By Staff Reporter
MUTARE residents say truck drivers and illegal cross-border traders posed the biggest risk of transiting coronavirus among city dwellers because of their continued movements across into neighbouring Mozambique.
For that, they have called on authorities to impose stringent measures on the movement of the two groups to avert the situation.
Mutare is close to the Mozambican border where there is movement among citizens crossing into the eastern neighbour mostly to source for cheaper food items and clothing.
Since government imposed its lockdown measures against the spread of coronavirus, borders have remained closed.
However, this has not stopped some daring locals from crossing there illegally, while truck drivers remain the few among groups of citizens permitted to travel across borders.
Residents feel the two groups pose a threat and must be monitored as they pass through the city with security agents implored to increase surveillance on the porous border to curb border jumping mostly during the night.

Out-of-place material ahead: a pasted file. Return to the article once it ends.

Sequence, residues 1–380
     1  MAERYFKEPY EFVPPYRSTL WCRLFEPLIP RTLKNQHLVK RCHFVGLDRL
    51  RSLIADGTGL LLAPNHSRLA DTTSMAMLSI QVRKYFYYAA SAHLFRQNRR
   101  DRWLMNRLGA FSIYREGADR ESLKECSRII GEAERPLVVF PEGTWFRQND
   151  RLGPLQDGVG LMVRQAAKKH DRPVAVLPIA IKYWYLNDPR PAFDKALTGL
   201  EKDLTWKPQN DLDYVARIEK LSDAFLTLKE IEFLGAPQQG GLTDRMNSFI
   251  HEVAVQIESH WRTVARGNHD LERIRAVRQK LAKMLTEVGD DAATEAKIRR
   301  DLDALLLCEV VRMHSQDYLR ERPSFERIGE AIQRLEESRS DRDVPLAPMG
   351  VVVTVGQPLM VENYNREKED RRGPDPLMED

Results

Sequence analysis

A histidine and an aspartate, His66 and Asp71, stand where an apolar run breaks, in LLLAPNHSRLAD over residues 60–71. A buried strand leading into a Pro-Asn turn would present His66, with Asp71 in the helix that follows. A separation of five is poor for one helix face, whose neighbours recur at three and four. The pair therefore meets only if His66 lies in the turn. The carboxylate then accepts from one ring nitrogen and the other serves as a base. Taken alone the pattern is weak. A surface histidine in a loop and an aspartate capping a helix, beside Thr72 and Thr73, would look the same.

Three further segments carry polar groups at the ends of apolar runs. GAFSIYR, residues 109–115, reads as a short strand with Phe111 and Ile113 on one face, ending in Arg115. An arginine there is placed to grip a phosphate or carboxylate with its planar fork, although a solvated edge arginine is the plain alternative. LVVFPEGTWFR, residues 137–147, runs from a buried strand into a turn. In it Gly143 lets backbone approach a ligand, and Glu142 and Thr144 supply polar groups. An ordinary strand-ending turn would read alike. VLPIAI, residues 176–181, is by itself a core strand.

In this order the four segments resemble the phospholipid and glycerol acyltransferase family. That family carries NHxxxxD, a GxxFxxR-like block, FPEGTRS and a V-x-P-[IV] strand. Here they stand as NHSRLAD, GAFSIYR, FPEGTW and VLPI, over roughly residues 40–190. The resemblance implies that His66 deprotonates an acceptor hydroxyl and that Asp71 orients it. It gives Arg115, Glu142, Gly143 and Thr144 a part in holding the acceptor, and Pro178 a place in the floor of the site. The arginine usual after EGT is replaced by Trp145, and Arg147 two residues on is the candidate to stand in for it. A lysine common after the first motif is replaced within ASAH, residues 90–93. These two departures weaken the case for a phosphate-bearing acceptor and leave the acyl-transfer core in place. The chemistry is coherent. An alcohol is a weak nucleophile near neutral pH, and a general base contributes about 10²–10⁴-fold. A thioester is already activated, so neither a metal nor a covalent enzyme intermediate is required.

Fears among residents have been heightened by recent reports some six Zimbabwean truck drivers tested positive for Covid-19 in Zambia after crossing through Chirundu border post.
Zambia and Democratic Republic of Congo (DRC) rely on Port Beira in Mozambique to export and import their cargo and trucks in transit pass through Zimbabwe.
Clive Muchabveyo, a Palmerstone resident in Mutare is apprehensive the country’s gains achieved in taming the internal infection rate could be reversed if the movement of truck drivers and illegal cross border traders is not checked.
“Those people will bring coronavirus because they are not subjected to screening or mandatory quarantine.
“Security agents should be on high alert on porous borders,” said Miriam Mohaamed of Darlington suburb.
Others felt drivers should be compelled to remain next to their trucks during the border clearance process and be barred from picking passengers along routes.
An investigation by this publication also revealed that some illegal cross border traders were using social media platforms such as Whatsapp to advertise their services.
“Mozambican runner please inbox for your orders now cheap rice, spaghetti and second clothes bales,” read a message on social media.